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Opinion | Four Creative Ways to Save Failing Companies

First, the government, as it provides aid, could avoid subsidizing merger waves or mass firings. Companies would not be allowed to use public money to prepare a company for sale or to fund acquisitions or takeovers. The money lent by the Treasury Department and the Federal Reserve for recovery could be used only to keep viable firms alive until the economy returned to some semblance of normalcy.

Second, the investors who have put more than $12 trillion into “socially responsible” investments — usually focused on problems like climate change — might find ways to turn their efforts toward the rescue of sick companies. Imagine the socially responsible equivalent of a “vulture fund” whose goal was to return companies to health while preserving employment — and then to disappear into the sunset, like the Lone Ranger.

Third, both government and the private sector could encourage and finance a wave of “worker buyouts,” in which employees take control of otherwise sound but currently distressed firms. The problem with typical buyouts is that they too often hurt employees. But a worker buyout can use the techniques of private equity to give employees their share of the company’s proceeds. (The Phoenix Project and Project Equity are two examples of private-sector efforts to promote employee ownership.)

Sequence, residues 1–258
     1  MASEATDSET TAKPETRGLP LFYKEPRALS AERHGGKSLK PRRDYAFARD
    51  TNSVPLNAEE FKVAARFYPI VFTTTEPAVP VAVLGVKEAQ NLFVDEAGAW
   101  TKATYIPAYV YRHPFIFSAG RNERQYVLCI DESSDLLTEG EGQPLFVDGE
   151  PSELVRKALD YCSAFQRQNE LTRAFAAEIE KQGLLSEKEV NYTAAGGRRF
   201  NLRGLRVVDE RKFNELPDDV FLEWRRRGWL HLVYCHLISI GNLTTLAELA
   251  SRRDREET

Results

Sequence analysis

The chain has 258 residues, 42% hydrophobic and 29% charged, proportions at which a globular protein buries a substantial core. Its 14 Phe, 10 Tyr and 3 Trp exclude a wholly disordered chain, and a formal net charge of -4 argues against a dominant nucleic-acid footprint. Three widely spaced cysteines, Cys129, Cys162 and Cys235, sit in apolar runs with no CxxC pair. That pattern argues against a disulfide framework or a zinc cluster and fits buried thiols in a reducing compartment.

While worker buyouts have been rare and are overly complex, Congress could encourage them by allocating some of the recovery funds to equity investments by employees looking to acquire their company. Congress could also create a “right of first refusal” for employees of businesses about to be sold — similar to that enjoyed by tenants in some parts of the country — so workers would have the first opportunity to bid.

Finally, the government could impose stronger oversight over mergers and buyouts, either by rigorously enforcing existing antitrust rules or by creating new restrictions on private equity. The idea is not to prevent all rescue operations, only the most blatantly anticompetitive ones. Is the buyer a direct competitor? Does the buyer already control the other competitors in the same industry?

At the moment, the economy is still in a state of shock, and uncertainty has paralyzed buyers. There is, in other words, still plenty of time to act. The possibility of even greater inequality of wealth and income in the United States is, unfortunately, not a danger to which the Trump administration seems particularly attuned. But make no mistake: If we repeat the mistakes of the 2010s, the rich will get richer, the poor will get poorer and the middle class will be further gutted. And the resulting backlash could make the current level of discontent in this country seem like the good old days.

Tim Wu (@superwuster) is a law professor at Columbia University, a contributing Opinion writer and the author, most recently, of “The Curse of Bigness: Antitrust in the New Gilded Age.”

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